If you were sitting here right now, we’d drink a Sumatra or Ethiopian brew, and I’d say, “What is it about mothers?”

Then we’d talk about all those times people have assumed something about women’s mothering:

  • Like we’d be good at mothering, even if we never babysat in our lives.

  • That we like kids, even if we’d rather sit on chaise in Malibu drinking a Bloody Mary.

  • As if we’re barren because we haven’t had kids by 30 years old.

  • Like we needed to derail our career because kids are more important life goals for us.

  • That we needed to have kids RIGHT NOW because otherwise our wombs would shrivel up and die and we’d feel less like women.

  • As if we couldn’t carefully consider or know what was best for us, in our lives, and we needed someone else to tell us how to make a life decision that would fundamentally alter every aspect of our lives.

There are women who are mad about the question, “When will you have kids?” because it comes from strangers and best friends alike. It comes and it makes all those kinds of assumptions.

Women get asked this question in the same way women get asked “Are you married?” before they get asked “Do you have a PhD?” It can feel like a woman is being pigeon-holed into a very specific set of life-plans and goals. The assumption is that all women want to get married, or they are not fulfilled. Likewise, people assume women want to have children and cannot be fulfilled until they have children. The secondary assumption is a woman without children is infertile (which brings in a whole other mess of feelings).

And I totally get the anger and frustration with that dreaded question “When will you have kids?” I do. I get it because I’ve been asked that question (and I am super empathetic). I’ve frequently been told that I needed to have a second kid right now (this has increased significantly in the last 6 months).

But there’s a reason why this is still a question, and it isn’t because we’re in the middle of a cultural paradigm shift (Though judging by the backlash against women’s bodily control these days, the paradigm shift does contribute!).

Why do people still focus on the connection between women and children? Why is this still an assumption?

Mothers are goddesses.

Three Faces of Woman

There are three goddesses and archetypes from whom all things come, even in the most patriarchal of pantheons.

There is the Maiden – the virginal goddess. Virgin here does not mean hasn’t had sex, although that might be true (for Artemis it was). “Virgin” or “maiden” in this context means “single” or “independent.” It depends on the cultural background what the specific associations are, but fundamentally this goddess is the young single woman. She is raw potential and passion, and because of this, can change reality’s trajectory.

Then there is the Crone. The Crone is seriously the biggest badass. This is the experienced, usually independent, older woman. She has knowledge. She has skill. She’s tough and she’s fair. The Crone has more magic in her pinky finger than you can imagine. Needless to say, if the Crone shows up, things are about to get really interesting REAL fast.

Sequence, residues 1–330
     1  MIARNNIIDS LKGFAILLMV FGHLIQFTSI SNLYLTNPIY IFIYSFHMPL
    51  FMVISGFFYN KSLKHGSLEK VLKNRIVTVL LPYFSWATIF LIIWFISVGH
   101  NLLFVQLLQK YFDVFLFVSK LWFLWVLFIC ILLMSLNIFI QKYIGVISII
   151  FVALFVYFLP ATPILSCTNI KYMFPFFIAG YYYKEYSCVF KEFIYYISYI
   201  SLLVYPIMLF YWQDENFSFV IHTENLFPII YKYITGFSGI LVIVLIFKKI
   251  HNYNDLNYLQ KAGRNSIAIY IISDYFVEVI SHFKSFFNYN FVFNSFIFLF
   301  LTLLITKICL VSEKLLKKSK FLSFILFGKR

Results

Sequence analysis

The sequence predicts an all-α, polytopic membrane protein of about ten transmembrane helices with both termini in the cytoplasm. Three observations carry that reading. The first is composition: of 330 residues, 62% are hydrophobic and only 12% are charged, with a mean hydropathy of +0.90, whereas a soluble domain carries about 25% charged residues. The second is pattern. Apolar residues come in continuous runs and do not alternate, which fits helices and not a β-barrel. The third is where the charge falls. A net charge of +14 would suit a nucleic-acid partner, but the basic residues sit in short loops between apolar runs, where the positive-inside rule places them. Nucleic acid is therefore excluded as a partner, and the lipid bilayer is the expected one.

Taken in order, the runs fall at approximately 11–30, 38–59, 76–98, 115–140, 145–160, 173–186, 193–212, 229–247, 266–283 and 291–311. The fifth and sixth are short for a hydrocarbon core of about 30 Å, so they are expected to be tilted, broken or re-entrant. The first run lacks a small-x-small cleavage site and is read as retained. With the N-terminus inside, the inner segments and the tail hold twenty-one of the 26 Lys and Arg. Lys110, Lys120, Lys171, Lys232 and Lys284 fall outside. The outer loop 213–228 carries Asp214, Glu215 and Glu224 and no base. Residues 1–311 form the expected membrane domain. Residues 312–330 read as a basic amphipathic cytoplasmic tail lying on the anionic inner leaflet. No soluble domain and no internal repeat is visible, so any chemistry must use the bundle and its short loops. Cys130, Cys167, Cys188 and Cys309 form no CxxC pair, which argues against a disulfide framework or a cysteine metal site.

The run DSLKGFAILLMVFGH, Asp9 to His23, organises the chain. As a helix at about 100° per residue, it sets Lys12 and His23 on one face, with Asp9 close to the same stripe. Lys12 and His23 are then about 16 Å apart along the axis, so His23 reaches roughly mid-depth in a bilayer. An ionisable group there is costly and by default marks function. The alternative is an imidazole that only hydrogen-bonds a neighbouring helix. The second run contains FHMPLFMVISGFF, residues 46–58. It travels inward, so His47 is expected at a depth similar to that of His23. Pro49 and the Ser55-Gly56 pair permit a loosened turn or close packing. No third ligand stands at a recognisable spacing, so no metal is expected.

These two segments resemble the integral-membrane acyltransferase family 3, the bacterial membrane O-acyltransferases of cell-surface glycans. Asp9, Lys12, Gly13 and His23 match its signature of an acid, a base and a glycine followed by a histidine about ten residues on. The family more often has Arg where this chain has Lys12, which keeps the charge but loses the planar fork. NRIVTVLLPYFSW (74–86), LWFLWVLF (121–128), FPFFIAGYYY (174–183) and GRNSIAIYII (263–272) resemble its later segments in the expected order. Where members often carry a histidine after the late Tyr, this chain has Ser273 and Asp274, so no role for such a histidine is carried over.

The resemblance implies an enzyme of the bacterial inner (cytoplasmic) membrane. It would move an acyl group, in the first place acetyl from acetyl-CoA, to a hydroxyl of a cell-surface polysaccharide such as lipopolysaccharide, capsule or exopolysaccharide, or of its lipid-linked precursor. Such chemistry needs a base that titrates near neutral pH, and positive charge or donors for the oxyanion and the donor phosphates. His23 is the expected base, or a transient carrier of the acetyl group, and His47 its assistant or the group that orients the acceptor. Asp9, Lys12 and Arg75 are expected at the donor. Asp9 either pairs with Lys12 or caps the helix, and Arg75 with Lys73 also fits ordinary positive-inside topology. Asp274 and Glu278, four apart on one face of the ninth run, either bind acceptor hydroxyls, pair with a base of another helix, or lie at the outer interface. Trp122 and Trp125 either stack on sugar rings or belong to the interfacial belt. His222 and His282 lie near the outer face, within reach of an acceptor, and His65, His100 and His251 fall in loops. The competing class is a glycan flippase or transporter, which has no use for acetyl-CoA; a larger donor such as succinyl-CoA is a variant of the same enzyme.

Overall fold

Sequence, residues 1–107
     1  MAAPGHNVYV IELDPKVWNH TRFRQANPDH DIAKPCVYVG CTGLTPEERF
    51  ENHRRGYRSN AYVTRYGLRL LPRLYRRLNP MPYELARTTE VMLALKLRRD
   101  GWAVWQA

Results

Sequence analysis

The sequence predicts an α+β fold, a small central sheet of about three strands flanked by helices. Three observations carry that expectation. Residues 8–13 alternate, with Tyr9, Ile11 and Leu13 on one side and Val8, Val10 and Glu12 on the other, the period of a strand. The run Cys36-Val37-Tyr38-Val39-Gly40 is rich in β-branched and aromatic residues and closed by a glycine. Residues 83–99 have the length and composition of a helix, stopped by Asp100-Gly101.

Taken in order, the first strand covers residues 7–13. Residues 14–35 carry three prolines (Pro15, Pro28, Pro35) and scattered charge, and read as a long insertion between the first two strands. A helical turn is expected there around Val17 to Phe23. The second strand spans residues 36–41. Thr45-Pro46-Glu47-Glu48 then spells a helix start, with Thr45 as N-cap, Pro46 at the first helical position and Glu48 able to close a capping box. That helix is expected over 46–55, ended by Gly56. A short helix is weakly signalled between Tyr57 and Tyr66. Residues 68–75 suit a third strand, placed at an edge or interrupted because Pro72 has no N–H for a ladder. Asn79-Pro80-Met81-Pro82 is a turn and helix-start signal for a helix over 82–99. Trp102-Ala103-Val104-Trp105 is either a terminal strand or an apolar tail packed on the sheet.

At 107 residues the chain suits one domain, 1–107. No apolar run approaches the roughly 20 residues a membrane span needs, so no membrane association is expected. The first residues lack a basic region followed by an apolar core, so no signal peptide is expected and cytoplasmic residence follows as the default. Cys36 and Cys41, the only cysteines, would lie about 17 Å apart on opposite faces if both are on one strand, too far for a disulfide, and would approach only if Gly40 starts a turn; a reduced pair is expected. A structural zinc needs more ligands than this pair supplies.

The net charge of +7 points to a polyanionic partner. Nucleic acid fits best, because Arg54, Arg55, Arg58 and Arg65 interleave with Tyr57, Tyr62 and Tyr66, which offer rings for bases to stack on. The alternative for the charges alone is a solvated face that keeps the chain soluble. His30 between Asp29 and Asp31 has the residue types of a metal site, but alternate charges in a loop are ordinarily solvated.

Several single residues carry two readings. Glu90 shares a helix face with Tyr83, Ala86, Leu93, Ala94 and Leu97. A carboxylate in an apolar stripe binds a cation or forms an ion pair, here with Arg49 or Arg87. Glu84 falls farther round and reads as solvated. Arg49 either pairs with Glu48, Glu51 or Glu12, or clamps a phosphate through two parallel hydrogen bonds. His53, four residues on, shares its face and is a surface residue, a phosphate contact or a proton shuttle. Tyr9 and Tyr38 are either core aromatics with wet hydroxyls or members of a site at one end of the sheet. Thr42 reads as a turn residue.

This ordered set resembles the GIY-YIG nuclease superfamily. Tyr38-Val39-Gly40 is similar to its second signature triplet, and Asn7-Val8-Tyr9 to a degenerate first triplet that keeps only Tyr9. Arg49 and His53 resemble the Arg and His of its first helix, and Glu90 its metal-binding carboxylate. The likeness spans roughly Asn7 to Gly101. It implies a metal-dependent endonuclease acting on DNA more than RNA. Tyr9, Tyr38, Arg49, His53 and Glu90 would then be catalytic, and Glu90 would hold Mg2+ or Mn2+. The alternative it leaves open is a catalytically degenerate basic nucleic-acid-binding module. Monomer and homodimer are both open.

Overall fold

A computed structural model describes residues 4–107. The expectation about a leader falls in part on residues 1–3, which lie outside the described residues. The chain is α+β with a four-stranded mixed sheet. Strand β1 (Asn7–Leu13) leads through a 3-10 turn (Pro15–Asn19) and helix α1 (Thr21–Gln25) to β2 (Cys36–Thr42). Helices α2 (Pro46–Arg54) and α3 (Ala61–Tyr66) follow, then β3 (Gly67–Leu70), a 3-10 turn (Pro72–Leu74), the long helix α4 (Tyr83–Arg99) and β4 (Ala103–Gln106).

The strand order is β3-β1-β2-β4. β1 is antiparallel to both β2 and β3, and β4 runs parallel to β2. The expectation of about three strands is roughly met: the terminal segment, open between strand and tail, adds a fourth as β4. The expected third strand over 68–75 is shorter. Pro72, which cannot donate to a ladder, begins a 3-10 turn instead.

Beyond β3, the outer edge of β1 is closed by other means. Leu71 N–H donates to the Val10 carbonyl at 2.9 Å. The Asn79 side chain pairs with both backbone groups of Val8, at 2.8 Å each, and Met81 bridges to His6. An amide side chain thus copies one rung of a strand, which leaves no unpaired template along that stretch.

And between these two powerful goddesses is the Mother.

The Mother is a goddess apart from the Maiden and the Crone because her power is unique. She represents the Creative Urge. She is the seat of Nature, Abundance, and Art (There’s a reason why the Muses of Greece were women!).

Pregnancy and birth are uniquely feminine powers. Men cannot have these. Not all women do, but all women represent and are necessarily associated with these creative powers.

And here’s the thing around this: reproduction fundamentally changes reality.

There is NOTHING in this world that changes reality like a human being, therefore a person who can bring another human being into this world has exponentially more power over reality.

Embrace Mother

The Mother is extremely powerful – a goddess at the height of her creativity. The Maiden is the potential mother. The Crone is the experienced mother. All three goddesses reference reproduction and creation because of its uniquely feminine aspect.

My point is this: women are scary powerful because of our ability and association with creation.

Creation doesn’t have to be about making other humans. Feminine power is all creative power. It is art, music, innovation, and invention. It is design and synthesis. It is nurturing abundance in all aspects of one’s life and the lives of others.

You may not have been pregnant or want to be. Maybe you can’t get pregnant (this goes for women and men). That doesn’t prevent you from tapping into this primal archetype. Whenever you create or foster abundance, you embody the Mother. Whenever you write, build, design, or paint you are the Mother – that archetypal goddess of creation.

So this week before Mother’s Day, own it. Love it. Live it. Honor mothers around you – of all kinds. And of course, honor the Creative Urge wherever you see it. It’s a reflection of mothers.

How have you embodied the Mother recently? How have women in your life embodied her? Leave a comment below!

Alexis Donkin

Alexis Donkin is a life coach and intuitive helping creatives build lives based in unconditional love. She is the creator of The Compassion Letter weekly newsletter, and the online course, The Heart Unboxed: How to Love the Unloveable, as well as host of the Intentional Writer Interview Series and author of over 17 books.
To Embody The Mother
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